“Biosimilars are typically less expensive than the original biologic, making treatment more affordable for a broader range of patients,” said James Kelly, MD, an ophthalmologist and refractive surgeon specialist in New York City. “Insurance companies may also offer better coverage, reducing out-of-pocket expenses for patients.”

Lower costs can help patients stick to their treatment regimen, he told Healthline, “leading to better management of the disease and potentially better outcomes.”

In addition, “more affordable options can help bridge the gap between different socioeconomic groups, ensuring that all patients receive the care they need,” he said.

Drugmakers, though, have not yet released the list prices for these medications. Healthline reached out to Biocon Biologics and Biogen, but the companies declined to comment on pricing at this time.

So there is not a guarantee of a significantly lower price for the biosimilars.

“Despite all promises [of affordability], biosimilars are still very expensive and there may not be a huge difference in terms of patient out-of-pocket costs, even if the [biosimilar] is $1000 instead of $1800,” said Movahedan. “Particularly when there are off-label medications which have a reasonably good list price.”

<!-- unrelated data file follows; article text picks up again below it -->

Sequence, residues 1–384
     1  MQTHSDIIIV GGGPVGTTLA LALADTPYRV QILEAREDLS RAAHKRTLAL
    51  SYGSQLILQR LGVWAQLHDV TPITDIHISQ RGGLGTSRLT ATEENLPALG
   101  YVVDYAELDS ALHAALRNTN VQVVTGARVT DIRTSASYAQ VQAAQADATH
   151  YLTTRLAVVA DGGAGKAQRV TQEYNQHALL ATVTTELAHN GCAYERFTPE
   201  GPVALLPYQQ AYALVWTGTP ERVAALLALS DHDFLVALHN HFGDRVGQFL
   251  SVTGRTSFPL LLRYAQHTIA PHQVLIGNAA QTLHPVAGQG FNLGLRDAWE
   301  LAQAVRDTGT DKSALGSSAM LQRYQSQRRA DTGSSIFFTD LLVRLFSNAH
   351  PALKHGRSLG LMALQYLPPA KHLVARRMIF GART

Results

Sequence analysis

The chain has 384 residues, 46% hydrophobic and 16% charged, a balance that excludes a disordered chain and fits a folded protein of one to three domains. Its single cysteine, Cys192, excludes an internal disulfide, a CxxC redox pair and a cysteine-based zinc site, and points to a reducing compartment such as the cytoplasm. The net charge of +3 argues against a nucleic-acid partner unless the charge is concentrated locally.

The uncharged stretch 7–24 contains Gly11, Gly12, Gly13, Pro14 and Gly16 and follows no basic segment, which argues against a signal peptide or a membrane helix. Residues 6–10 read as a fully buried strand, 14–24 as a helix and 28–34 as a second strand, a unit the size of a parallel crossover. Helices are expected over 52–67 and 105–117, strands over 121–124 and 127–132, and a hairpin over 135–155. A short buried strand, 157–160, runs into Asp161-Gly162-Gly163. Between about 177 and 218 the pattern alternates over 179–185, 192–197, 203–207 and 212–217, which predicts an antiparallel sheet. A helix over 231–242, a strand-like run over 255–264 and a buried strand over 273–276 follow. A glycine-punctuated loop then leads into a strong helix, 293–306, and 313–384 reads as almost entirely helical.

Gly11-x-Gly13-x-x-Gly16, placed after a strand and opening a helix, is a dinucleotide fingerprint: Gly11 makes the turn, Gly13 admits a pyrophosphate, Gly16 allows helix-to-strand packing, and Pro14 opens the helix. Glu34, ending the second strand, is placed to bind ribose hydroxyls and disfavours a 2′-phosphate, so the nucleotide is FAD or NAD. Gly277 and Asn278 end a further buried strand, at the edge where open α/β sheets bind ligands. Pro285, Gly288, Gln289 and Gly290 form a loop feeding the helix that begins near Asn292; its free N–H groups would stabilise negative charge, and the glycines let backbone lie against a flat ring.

So there’s a long way to go before these medications are really affordable, he said. However, “more biosimilars will be available in the near future, and hopefully this will lower the price, so that more patients can benefit from these drugs,” he added.

Even if prices of this class of drugs don’t come down right away, Kelly thinks “the introduction of biosimilars creates competition, which … could ultimately lead to to improvements in drug formulations and delivery methods.”

Also, “[having] multiple suppliers reduces the risk of drug shortages,” he said, “ensuring a more consistent supply of the medication for patients in need.”

It is not clear when these drugs will hit the market in the United States.

Yesafili is already approved as a biosimilar in Europe and the United Kingdom, and is approved in Canada and is expected to launch there by July 2025, Biocon Biologics said in a press release.

The company has not announced a U.S. launch date of Yesafili, but a spokesperson said, “We remain committed to bringing the product to the market at the earliest to meet the needs of our customers and patients.”

In an email, a Biogen spokesperson told Healthline that “at this time we are unable to disclose the potential launch timeline for Opuviz in the U.S., and will share more information when appropriate.”

The FDA approved two interchangeable biosimilars for Regeneron Pharmaceuticals’ eye drug Eylea — Yesafili and Opuviz.

The biosimilars work the same way as Eylea, by inhibiting vascular endothelial growth factor, which prevents abnormal blood vessel growth in the eye, and helps preserve vision. Clinical trials also showed the drugs have similar safety and efficacy as Eylea.

These drugs are approved to treat neovascular (wet) age-related macular degeneration, macular edema following retinal vein occlusion, diabetic macular edema and diabetic retinopathy.